A solicitor who pretended to be carrying out litigation, providing e-mail updates on a case which did not exist, has been struck off by the Solicitors Disciplinary Tribunal (SDT).
The tribunal said it did not know the motivation for Stephanie Berry’s misconduct, but it continued over a period of time and “some of her actions were clearly planned rather than spontaneous”.
The SDT went on: “The tribunal noted that before leaving [her job], [she] took steps to close off the case; she took money from another client’s account, falsifying probate records in order to do that and sent a cheque for the exact amount of the maximum damages the client had intended to claim and the court fees to the client.”
It said the solicitor, who was born in 1978 and qualified in 2005, “knew that no proceedings had been started, continued or concluded and on that account she knew that what she was doing was dishonest”.
The tribunal heard in SRA v Berry (case no. 11384-2015) how Ms Berry had been working at the former firm of Garstangs Solicitors in Bolton, which dissolved in April 2012. Michael Garstang went on to become senior partner of a successor practice.
The SDT heard that Mr Garstang found out, by making enquiries at the local county court, that no proceedings had been issued for one of Ms Berry’s clients, referred to as ‘Ms NO’.
Mr Garstang told the tribunal that Ms NO was in dispute with a neighbour and wanted to issue county court proceedings for damages of up to £800.
“The tribunal found that there was no positive evidence that the proceedings for Ms NO had ever been issued and the respondent did not herself claim to have issued them; she simply denied the allegation in its entirety.”
However, the SDT said Ms Berry provided the client with updates on the non-existent proceedings, including by e-mails and a letter.
The SDT said Ms Berry relied in part on the assertion that her cognitive abilities had been impaired, but had provided no evidence.
The tribunal heard in that Ms Berry received a complaint letter from Mr Garstang in May 2012, alleging a wide range of offences. The letter was followed by an investigation by the Solicitors Regulation Authority (SRA), beginning in October 2012.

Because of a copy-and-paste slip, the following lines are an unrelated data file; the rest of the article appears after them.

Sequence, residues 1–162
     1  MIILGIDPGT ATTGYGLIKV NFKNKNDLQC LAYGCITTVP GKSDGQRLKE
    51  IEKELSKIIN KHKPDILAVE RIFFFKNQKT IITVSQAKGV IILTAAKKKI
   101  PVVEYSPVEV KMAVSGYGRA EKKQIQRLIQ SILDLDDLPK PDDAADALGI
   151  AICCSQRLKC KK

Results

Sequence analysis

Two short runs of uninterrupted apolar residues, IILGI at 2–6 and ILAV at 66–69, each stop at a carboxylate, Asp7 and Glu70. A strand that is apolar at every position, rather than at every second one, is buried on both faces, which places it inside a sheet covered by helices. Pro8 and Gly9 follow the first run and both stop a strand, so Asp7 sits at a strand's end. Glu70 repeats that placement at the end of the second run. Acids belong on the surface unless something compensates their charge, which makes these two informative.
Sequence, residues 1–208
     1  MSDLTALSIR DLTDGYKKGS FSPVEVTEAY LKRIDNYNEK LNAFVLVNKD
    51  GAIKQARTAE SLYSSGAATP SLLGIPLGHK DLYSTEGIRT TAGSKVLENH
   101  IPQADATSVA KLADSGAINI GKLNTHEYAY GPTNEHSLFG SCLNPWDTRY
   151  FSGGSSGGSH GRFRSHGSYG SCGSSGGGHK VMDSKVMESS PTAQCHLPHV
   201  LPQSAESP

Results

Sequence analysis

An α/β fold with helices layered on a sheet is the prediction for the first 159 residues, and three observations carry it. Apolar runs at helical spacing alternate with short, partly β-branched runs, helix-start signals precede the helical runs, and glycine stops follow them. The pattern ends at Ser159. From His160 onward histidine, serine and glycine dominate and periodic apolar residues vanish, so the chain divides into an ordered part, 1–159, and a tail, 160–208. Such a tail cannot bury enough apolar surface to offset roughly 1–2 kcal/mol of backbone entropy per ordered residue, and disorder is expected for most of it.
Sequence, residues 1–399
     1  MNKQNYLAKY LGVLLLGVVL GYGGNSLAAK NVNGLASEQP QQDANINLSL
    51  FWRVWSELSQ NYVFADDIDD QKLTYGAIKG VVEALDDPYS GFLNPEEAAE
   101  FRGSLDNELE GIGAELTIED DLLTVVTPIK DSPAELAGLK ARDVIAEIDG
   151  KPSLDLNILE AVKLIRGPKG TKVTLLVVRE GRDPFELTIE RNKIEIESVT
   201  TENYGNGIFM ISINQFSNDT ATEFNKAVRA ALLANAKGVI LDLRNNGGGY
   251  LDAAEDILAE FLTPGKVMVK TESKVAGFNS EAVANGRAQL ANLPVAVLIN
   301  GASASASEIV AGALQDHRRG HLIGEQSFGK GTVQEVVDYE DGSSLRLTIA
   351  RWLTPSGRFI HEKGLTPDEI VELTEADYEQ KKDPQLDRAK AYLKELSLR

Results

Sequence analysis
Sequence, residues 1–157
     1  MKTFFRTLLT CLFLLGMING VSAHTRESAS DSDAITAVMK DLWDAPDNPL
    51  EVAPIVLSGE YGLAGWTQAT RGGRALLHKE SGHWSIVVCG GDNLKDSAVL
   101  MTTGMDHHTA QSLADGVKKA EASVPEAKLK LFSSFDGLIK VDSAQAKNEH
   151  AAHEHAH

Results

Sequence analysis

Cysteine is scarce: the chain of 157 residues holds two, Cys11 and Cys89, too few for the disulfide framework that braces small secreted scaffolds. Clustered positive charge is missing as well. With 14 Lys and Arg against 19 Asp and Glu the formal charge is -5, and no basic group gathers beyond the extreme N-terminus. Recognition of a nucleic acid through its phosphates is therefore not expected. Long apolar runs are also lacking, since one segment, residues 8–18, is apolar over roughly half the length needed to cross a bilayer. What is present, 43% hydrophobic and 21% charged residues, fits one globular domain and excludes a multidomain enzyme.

The SDT found that Ms Berry had, between April 2011 and March 2012, transferred money from an estate account of one client in order to pay off other clients, including ‘damages’ in the fictitious litigation.
The tribunal said there was a discrepancy in the accounts of Mr R’s estate, where a sum paid in respect of a “boiler replacement”, £1,050, amounted “exactly to the amount of damages claimed by Ms NO at £800 and the court fee of £250”.
The tribunal said it did not consider that this could have been an administrative error, and Ms Berry “was the only person who could have created the duplicate accounts” to “conceal what had been done”.
The SDT said creating estate accounts to conceal what had been done indicated an “active state of knowledge” and dishonesty was “found proved on the evidence to the required standard in respect of the respondent’s actions concerning the estate of R.”
Mr Berry was also found to have breached the rules, including the accounts rules, by using client money for the benefit of other clients not entitled to it.
However, an allegation that she had misappropriated clients’ funds was not upheld by the SDT, along with a further allegation that she misled solicitors in relation to an application to rectify a Land Registry entry and when communicating with the HMRC.
However, the tribunal said she had breached SRA principles by writing misleading e-mails and a misleading letter to Ms NO, as well as being dishonest.
In mitigation, Ms Berry said in a statement that she had no intention of ever practising law again and cited mental health problems and depression.
However, the tribunal responded: “As to mitigating factors, she was clearly unwell at the material time but she had provided no evidence that her medical condition had affected her cognitive abilities such as would amount to a defence.”
Ms Berry was struck off and ordered to pay costs of £15,200, which had been reduced by 20% to reflect the unsuccessful allegations.